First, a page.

The authors of the infamous Mirai botnet – used to launch record-breaking Distributed Denial of Service (DDoS) attacks last year that knocked major segments of the internet offline – pleaded guilty to federal cybercrime charges last Friday, 8 December.
Plea agreements with Paras Jha and Josiah White were unsealed Tuesday by an Alaska court, which had indicted the two on 5 December. Jha, 21, from Fanwood, N.J. and White, 20, of Washington, Pennsylvania, were cofounders of Protraf Solutions LLC, whose major sales pitch was – wait for it – mitigation of large-scale DDoS attacks.
Jha, a computer science student at Rutgers University, also pleaded guilty in New Jersey to a series of DDoS attacks against the university between November 2014 and September 2016 that effectively shut down the its central authentication system, sometimes for days at a time.
All of which has to amount to some measure of vindication for security blogger Brian Krebs, whose site was taken offline by a massive Mirai DDoS attack in September 2016, but who had tracked down Jha and White by January – 10 months before the law officially caught up with them – naming them in a lengthy post about his investigation of the attack.
As Krebs put it in a post on Tuesday, Jha and White selling DDoS mitigation services was:
…like firemen getting paid to put out the fires they started, Jha and White would target organizations with DDoS attacks and then either extort them for money to call off the attacks, or try to sell those companies services they claimed could uniquely help fend off the attacks.
A DDoS attack, as Naked Security’s Paul Ducklin described it last year, occurs when, “thousands of computers, or perhaps even millions of them, gang up on an online service they don’t like and all deliberately start using it at the same time.”
Those thousands or millions of computers are essentially “zombies” under the control of the attacker, and block legitimate traffic from getting through.
In legal terms, Jha pleaded guilty to a single count of agreeing with at least one other person to cause:
…intentional damage to a protected computer, to wit knowingly causing the transmission of a program, code, or command to a computer with the intention of impairing without authorization the integrity or availability of data, a program, system, or information; and the computer was used in or affected interstate or foreign commerce or communication.
In less legal terms, he admitted to writing and implementing the code that led to the Mirai malware ensnaring more than 300,000 devices and launching multiple DDoS attacks – some of them in Alaska.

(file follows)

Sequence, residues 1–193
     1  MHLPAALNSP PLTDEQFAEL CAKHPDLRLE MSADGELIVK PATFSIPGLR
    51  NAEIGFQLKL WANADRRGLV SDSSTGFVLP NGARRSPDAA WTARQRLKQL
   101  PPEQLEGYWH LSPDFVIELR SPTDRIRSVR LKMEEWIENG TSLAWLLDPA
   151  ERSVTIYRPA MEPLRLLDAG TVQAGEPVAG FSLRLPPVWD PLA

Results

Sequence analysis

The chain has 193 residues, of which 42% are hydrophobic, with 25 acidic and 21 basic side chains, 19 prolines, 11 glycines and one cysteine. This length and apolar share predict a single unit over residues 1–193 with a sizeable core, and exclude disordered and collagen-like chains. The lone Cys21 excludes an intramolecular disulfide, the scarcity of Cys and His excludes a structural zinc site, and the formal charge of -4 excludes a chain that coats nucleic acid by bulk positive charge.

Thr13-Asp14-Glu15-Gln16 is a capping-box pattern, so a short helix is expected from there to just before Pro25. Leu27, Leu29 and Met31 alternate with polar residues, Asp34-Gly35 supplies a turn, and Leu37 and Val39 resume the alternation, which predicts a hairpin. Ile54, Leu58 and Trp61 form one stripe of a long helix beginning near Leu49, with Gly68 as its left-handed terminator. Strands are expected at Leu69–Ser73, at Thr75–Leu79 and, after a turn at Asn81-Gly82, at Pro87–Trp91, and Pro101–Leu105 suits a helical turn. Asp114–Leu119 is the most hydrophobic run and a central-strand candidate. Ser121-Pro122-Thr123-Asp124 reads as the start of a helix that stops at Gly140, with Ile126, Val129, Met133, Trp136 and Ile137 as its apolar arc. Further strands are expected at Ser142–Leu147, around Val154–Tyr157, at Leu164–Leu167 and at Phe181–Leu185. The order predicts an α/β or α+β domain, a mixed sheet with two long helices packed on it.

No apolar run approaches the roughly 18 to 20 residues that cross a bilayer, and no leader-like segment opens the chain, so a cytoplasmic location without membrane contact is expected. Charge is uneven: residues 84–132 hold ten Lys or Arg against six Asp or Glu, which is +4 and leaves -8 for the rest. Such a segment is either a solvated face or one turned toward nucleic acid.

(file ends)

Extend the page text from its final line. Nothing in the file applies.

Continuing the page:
Jha and White also admitted to renting the botnet out to third parties and launching a protection racket – using it to extort money from hosting companies in exchange for not being targeted.
White pleaded guilty to a similar charge, but his role in the scheme, spelled out in his plea agreement, was to create the scanner portion of the Mirai code, which would scan the internet for vulnerable devices to hijack.
As part of his agreement, White agreed to give up 33 Bitcoin, “which are the proceeds of criminal activity.” With the current value of a single Bitcoin now at $16,700, that amounts to a forfeiture of $551,100. Jha agreed to forfeit 13 Bitcoin – a $217,100 value today.
Jha, along with a collaborator named Dalton Norman, 21, of Metairie, Louisiana, also pleaded guilty to click fraud – a scheme in which a bot is used to make it appear that a real user has “clicked” on an advertisement. Since advertisers pay for the number of times their page is viewed, that generates fraudulent profits for the hosting website.
The two admitted making about 200 Bitcoin through the click fraud – which would now be worth $3.34m.
Krebs wrote that Jha’s and White’s most popular targets were online gaming servers, particularly those connected with the popular online game Minecraft.
But he and Minecraft servers were not the only high-profile victims. Just days after the attack on his site, the Mirai authors, who were going by the name “Anna Senpai,” posted the source code publicly online. According to Jha’s plea agreement, that was done, “in order to create plausible deniability if law enforcement found the code on computers controlled by Jha or his co-conspirators.”
That public posting, not surprisingly, led to the creation of multiple Mirai botnets, the most damaging of which was against the New Hampshire-based internet infrastructure company Dyn, which in late October 2016 took down major players like Twitter, GitHub, PlayStation, Netflix, Reddit and a host of other sites for much of that day.
And new strains of Mirai are continually being reported, although there have not been any major recent attacks.
For creating all this chaos, damage and expense – Mirai ensnared more than 100,000 IP addresses and the costs of the DDoS attacks by its various strains are estimated at well over $100m – Jha and White face maximum statutory penalties of five years in prison; fines of $250,000 or “twice the pecuniary gain or loss of the offense”; and supervised release of three years.
But the agreement also stipulates that the defendants can’t withdraw from the agreement even if “the Court rejects the parties’ sentencing recommendations at the sentencing hearing.” It also states that “the proper restitution amount will be determined at sentencing.”